THERE IS a China crisis in football.
Strict Covid restrictions and the country’s sluggish economy have seriously delayed President Xi Jinping’s planned revolution in the game.
Most notably, the pandemic and wage restraints have shaken Xi’s dream plan.
This was for foreign players on the slide for spectacular rewards in heavily funded teams that came with thousands of pitches to encourage the proletariat.
Here, too, the fixation on league football spilled over.
Because once upon a time, Aston Villa, Wolves, Birmingham City and West Brom all had Chinese multi-millionaire owners.
Villa was happy to get rid of her 2019, Blues have been trying for years.
Albion fans hate their what leaves wolves, who have generally been treated well by Fosun Group, whose interests range from Covid vaccinations to Thomas Cook.
Professional football in the Middle East’s oil states attracts mercenaries who previously would have turned to the Chinese Super League to fund their bank accounts.
Paul Gascoigne in 2003 was a rarity.
He wanted to play somewhere.
Elsewhere, the yuan has been surprisingly high since 2004.
Oscar, the former Chelsea Brazilian, and Carlos Tevez, aka West Ham, are two who have paved their retirements in gold.
Oscar was making £550,000 a week while Tevez was ‘just’ pocketing £400,000 a week.
Hundreds and hundreds of others from around the world joined the gold rush – no fewer than 232 from Brazil.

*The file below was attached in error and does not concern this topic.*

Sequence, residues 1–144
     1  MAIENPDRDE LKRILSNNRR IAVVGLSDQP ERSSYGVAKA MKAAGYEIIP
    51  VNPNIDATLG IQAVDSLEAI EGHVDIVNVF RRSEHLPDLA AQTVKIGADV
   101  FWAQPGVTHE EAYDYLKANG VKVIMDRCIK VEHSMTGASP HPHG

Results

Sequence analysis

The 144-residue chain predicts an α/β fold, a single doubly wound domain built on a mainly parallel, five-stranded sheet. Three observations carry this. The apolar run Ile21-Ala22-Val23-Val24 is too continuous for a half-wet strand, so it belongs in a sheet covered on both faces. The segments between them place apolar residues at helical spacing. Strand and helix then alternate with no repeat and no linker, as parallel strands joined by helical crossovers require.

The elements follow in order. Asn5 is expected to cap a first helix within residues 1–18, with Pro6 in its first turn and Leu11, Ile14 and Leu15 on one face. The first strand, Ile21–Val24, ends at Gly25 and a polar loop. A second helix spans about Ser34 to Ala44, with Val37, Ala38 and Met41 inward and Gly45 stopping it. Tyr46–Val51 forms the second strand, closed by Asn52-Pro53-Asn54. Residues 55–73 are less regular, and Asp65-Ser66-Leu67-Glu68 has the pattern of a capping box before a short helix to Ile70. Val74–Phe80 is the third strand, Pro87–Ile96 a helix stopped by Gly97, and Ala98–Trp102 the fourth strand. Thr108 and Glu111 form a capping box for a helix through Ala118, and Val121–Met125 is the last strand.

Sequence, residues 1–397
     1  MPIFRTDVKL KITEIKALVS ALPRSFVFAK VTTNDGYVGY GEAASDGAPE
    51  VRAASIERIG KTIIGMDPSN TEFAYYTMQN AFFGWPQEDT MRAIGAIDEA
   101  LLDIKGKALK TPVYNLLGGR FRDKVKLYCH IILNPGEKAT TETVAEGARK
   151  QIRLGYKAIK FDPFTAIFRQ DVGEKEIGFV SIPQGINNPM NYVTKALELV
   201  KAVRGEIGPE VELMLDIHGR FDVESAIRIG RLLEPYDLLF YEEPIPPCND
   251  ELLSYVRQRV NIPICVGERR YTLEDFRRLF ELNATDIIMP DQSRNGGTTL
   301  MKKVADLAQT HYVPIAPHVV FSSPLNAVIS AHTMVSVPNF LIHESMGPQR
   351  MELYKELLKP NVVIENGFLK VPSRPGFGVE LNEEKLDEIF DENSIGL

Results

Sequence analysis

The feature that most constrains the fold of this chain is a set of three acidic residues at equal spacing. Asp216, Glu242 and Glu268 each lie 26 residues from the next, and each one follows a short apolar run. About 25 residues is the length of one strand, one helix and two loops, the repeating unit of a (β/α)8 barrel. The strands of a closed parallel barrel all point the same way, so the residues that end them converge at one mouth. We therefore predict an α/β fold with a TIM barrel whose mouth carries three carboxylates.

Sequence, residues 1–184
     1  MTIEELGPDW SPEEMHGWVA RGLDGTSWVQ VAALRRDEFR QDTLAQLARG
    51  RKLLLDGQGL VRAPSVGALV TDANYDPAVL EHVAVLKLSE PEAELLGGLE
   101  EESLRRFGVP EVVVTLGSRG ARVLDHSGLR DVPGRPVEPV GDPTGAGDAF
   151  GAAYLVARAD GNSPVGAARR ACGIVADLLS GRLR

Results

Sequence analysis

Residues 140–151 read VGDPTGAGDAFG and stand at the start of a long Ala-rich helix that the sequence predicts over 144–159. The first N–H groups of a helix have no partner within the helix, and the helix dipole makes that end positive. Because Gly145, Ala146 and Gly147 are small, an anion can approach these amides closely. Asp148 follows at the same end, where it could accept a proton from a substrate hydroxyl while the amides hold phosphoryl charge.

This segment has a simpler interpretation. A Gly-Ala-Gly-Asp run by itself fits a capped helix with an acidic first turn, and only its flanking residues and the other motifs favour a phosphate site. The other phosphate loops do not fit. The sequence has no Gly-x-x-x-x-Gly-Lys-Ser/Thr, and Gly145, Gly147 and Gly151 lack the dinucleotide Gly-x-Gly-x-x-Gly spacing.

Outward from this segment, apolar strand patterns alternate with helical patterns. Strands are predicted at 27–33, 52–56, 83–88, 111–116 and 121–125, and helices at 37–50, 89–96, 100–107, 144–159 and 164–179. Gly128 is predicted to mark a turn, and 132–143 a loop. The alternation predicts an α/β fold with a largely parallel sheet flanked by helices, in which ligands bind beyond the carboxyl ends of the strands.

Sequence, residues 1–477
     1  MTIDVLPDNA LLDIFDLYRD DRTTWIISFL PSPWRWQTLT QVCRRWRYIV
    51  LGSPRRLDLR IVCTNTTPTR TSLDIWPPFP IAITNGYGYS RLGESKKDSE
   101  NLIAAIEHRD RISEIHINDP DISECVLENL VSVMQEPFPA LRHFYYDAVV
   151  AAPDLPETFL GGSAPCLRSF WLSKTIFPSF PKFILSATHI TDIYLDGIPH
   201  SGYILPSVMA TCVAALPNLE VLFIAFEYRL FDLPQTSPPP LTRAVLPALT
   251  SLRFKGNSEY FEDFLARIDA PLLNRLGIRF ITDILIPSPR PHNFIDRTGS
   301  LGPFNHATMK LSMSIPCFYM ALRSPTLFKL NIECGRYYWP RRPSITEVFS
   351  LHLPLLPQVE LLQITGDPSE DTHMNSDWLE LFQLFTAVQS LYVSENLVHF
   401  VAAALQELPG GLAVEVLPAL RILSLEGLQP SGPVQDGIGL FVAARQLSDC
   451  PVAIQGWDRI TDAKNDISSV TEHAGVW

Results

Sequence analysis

Then came Covid…
In the country where the pandemic originated, the government responded with a rigid lockdown for almost three years.
Big clubs have closed and a cap of £3million a year has been put on all earnings.
Although the Chinese Super League attracts many people in the populous cities and most of its 16 clubs still have foreigners, the level is not particularly high.
And football lovers get their biggest kicks from the Premier League.
Your national team has qualified for the World Cup once every 40 years.
But Xi believes in sports as an obligatory community activity – like any good communist.
And after that goalless failure in 2002, his response was to create new pitches on a stunning scale of 600 by 82 at Hackney Marshes.
Such political orders rarely work, and in fact only about 3,000 have been issued to date.
And despite pictures showing many boys training in military fashion and a population of 1.4 billion, China has failed to produce an international star.
Obviously the production line is not working well and even slower since the Chinese claim to have invented soccer.
Because hands and feet were used, it resembled rugby more than football.
Eventually it was banned in the Middle Ages under the Ming Dynasty (no relation to Tyrone).
Xi is a fan of physical exercise for the masses.
An official national goal is for China to become the best team in Asia by 2030 and world champion by 2050 – both are just conceivable, but not until attitudes change.
European coaches there say parents want their children to become, for example, accountants or nuclear scientists and are suspicious when kicks throw them off their studies.
That largely explains why about as many people as on Sunday morning at the Hackney Marshes actually play the game in their spare time.
Meanwhile, the kids they want to get into the game are among the ultramillion watching the Premier League on TV.
Gazza was a rare Brit to try China, and not because he wanted to study nuclear fusion.
He stayed two months and then went home.